Ten mortgage lenders, including Bank of America and Wells Fargo, have agreed to give homeowners around the country more than $8.5 billion in cash payments and mortgage relief in a settlement announced Monday.
Bank of America will pay $1.1 billion in cash and provide $1.8 billion in mortgage relief, the bank said. Wells Fargo said it will pay $766 million in cash and commit $1.2 billion in relief.
The settlement halts the independent foreclosure review that stemmed from a 2011 settlement with two federal agencies over claims of shoddy mortgage servicing and foreclosure practices, including lost paperwork and robo-signing, the mass signing of paperwork without reading it.
In that review, the servicers involved were required to pay independent consultants to review loan files and determine whether any errors were made. Borrowers would be eligible to receive payments based on what type of error occurred.
The banks and servicers will now pay $3.3 billion directly to borrowers in increments ranging from a few hundred dollars to $125,000 depending on the individuals situation, according to the Office of the Comptroller of the Currency and the Federal Reserve. The other $5.2 billion will flow to borrowers in the form of loan modifications and other mortgage relief.
Instead of reviewing loan files, Mondays settlement allows servicers to place borrowers into broad categories of errors that may have occurred in their foreclosure processes. The OCC and Federal Reserve will determine how much money borrowers in each category will receive, OCC spokesman Bryan Hubbard said.
Borrowers whose homes were in foreclosure during 2009 or 2010 are eligible. About 3.8 million borrowers are expected to fall in that category.
About 1.25 million Bank of America customers are affected.
We support the new approach because it speeds the delivery of payments to borrowers, will provide support for homeowners still struggling to make payments and encourages continued community stabilization efforts and recovery of the housing market, said Dan Frahm, a spokesman for the Charlotte-based bank.
Wells Fargo Home Mortgage president Mike Heid said: This agreement allows us to move forward and continue our focus on doing all we can do to provide relief to our customers and restore stability to housing markets across the country.
Hubbard said the OCC anticipates that the lenders will have contacted borrowers about payments by the end of March.
The settlement comes as the nations banks continue to navigate the fallout of the mortgage crisis. Bank of America also said Monday it has settled an unrelated matter with mortgage giant Freddie Mae and will pay more than $10 billion.
Less than a year ago, five of the largest U.S. mortgage servicers settled with a consortium of state attorneys general and federal agencies for a collective $25 billion.
Review program troubled
The review ran into issues soon after it was announced.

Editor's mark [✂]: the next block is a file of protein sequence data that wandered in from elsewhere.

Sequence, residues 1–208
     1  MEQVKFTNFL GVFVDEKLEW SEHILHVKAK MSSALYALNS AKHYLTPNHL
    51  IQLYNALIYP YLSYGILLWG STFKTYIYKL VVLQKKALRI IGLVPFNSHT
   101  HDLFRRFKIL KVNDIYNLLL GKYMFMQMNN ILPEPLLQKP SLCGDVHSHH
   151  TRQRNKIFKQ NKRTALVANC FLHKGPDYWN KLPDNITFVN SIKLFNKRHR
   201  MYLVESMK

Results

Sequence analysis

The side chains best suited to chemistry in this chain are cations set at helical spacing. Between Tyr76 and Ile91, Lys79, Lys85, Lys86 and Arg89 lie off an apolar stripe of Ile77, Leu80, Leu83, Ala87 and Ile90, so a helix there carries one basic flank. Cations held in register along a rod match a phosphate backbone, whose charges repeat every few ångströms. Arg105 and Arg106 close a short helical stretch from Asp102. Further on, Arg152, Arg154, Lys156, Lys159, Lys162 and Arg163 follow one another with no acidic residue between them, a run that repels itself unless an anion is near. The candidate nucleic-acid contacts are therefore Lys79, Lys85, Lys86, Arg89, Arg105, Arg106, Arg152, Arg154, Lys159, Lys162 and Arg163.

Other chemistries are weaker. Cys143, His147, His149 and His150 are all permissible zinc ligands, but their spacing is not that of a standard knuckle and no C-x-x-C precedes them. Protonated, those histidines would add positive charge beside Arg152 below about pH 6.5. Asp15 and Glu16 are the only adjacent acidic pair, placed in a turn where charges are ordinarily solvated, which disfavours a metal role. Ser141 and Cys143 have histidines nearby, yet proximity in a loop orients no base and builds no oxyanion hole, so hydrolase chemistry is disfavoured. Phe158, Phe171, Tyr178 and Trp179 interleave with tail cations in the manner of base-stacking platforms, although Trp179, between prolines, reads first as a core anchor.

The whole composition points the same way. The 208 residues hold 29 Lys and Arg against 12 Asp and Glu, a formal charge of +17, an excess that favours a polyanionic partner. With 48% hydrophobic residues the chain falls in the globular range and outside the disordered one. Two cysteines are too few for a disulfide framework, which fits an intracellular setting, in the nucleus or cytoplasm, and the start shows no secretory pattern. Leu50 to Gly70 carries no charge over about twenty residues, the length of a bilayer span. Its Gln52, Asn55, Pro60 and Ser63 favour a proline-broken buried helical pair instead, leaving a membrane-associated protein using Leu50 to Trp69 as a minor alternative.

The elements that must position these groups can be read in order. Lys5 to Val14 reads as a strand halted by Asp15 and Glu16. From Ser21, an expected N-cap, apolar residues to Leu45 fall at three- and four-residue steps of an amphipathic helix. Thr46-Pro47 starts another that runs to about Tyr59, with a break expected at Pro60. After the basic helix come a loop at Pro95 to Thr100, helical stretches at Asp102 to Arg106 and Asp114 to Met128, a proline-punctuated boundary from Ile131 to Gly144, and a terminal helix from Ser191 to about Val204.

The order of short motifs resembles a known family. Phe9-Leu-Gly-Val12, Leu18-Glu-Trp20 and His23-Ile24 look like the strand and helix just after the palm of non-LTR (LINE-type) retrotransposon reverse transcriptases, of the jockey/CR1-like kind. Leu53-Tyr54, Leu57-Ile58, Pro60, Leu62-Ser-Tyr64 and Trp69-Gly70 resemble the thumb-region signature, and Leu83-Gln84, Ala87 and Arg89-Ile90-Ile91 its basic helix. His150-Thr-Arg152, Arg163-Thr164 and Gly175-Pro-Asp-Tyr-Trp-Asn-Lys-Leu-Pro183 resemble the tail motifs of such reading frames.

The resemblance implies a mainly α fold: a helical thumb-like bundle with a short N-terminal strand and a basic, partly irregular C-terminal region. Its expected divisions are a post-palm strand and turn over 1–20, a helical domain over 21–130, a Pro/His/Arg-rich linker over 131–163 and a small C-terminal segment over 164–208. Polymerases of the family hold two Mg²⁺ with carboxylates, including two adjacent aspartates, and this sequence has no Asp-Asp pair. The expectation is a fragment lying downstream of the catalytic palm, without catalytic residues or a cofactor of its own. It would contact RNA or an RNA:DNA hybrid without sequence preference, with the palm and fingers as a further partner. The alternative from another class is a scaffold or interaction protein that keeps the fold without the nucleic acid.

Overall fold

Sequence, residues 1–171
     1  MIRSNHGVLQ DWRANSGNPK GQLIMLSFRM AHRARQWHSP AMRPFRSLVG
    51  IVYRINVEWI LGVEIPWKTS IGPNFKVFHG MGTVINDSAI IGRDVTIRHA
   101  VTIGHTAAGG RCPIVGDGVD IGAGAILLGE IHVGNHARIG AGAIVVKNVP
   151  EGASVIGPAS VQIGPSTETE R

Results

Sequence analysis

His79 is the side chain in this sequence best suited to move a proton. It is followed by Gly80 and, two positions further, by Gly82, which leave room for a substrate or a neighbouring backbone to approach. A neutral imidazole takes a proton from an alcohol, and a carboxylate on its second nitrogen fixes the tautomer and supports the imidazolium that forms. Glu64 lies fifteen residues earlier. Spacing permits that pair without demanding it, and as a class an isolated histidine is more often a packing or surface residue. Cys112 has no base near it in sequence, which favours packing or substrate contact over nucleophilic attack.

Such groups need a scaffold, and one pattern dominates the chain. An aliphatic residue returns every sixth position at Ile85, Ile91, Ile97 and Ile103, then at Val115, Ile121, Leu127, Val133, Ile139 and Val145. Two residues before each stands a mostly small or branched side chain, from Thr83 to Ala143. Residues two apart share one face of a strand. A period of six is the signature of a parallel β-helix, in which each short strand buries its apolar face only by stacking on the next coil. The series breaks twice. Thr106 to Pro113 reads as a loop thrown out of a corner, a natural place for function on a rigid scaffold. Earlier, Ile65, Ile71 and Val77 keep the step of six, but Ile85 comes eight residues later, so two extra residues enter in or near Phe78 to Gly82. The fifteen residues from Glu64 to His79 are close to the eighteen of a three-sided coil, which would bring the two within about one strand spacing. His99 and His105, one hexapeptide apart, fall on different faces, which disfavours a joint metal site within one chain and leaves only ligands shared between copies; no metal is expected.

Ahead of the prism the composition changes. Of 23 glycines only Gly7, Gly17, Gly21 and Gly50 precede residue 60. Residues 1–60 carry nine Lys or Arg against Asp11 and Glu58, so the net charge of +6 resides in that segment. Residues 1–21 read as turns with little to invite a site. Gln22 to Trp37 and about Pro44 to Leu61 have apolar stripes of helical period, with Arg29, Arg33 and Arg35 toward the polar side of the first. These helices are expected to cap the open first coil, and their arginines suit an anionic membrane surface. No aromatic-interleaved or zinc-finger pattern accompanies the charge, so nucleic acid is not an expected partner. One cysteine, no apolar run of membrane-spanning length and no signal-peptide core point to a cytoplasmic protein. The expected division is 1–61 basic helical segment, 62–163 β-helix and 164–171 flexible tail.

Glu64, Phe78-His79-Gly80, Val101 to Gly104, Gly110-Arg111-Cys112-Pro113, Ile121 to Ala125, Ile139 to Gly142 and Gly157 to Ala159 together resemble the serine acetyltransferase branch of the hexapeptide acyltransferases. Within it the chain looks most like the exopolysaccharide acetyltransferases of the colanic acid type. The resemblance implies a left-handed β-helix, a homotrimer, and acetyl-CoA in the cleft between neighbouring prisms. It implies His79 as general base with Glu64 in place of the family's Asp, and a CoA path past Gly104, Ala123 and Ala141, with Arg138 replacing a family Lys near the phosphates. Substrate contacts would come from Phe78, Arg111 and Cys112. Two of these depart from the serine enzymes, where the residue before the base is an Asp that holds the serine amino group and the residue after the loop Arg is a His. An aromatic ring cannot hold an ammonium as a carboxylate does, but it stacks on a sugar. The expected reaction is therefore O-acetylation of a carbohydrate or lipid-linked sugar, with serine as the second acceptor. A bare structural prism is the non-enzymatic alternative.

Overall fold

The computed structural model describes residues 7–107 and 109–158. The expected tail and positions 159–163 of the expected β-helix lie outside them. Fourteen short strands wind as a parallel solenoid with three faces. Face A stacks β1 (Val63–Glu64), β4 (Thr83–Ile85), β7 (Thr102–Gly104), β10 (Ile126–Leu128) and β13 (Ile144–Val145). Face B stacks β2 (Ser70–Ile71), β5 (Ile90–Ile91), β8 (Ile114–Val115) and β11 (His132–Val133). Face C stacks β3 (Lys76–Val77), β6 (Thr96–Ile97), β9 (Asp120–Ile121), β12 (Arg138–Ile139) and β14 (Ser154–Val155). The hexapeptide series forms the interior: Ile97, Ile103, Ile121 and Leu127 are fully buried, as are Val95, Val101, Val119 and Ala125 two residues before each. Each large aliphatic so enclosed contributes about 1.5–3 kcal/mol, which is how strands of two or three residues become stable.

The Government Accountability Office said in July that the review was too complicated to be effective. In the first wave, 4.5 million letters were sent to borrowers. Only 5 percent were returned.
The OCC and Federal Reserve extended the deadline to apply for a review several times and took out advertisements in thousands of publications to promote the program.
Banks participating also complained that the cost associated with funding the review had ballooned, The New York Times reported last week.
When we began the Independent Foreclosure Review, the OCC pledged to fix what was broken, identify who was harmed, and compensate them for that injury. While todays announcement represents a significant change in direction, it meets those original objectives by ensuring that consumers are the ones who will benefit, and that they will benefit more quickly and in a more direct manner, Comptroller of the Currency Thomas J. Curry said in a statement.
We have learned a great deal from the reviews that have been conducted to date. However, it has become clear that carrying the process through to its conclusion would divert money away from the impacted homeowners and also needlessly delay the dispensation of compensation to affected borrowers. Our new course of action will get more money to more people more quickly, and it will speed recovery in the nations housing markets.
Critics: Deal too small
Some critics said the deal did not go far enough. The National Consumer Law Center said the banks would probably have been forced to pay much more money had the review process continued and determined who was harmed.
The Independent Foreclosure Reviews were deeply flawed, and any movement towards more compensation for homeowners is a step in the right direction, the centers staff attorney, Alys Cohen, said in a statement. However, the capped pool of cash payments is wholly inadequate in light of the scale of the harm.
U.S. Rep. Elijah Cummings, the House Committee on Oversight and Government Reforms top Democrat, said he was disappointed that government watchdogs finalized the agreement before answering questions from Congress about how the settlement amount was determined, how funds will be distributed, and what will happen to other families abused by mortgage servicing companies who havent yet had their cases reviewed.
The committee had sent a letter Jan. 5 to regulators to request a briefing before any new settlement was reached or announced publicly.
I do not know what the rush was to make this settlement without answering these key questions, and although I look forward to obtaining information about how this deal may assist homeowners, I have serious concerns that this settlement may allow banks to skirt what they owe and sweep past abuses under the rug without determining the full harm borrowers have suffered, Cummings said. The McClatchy Washington Bureau contributed.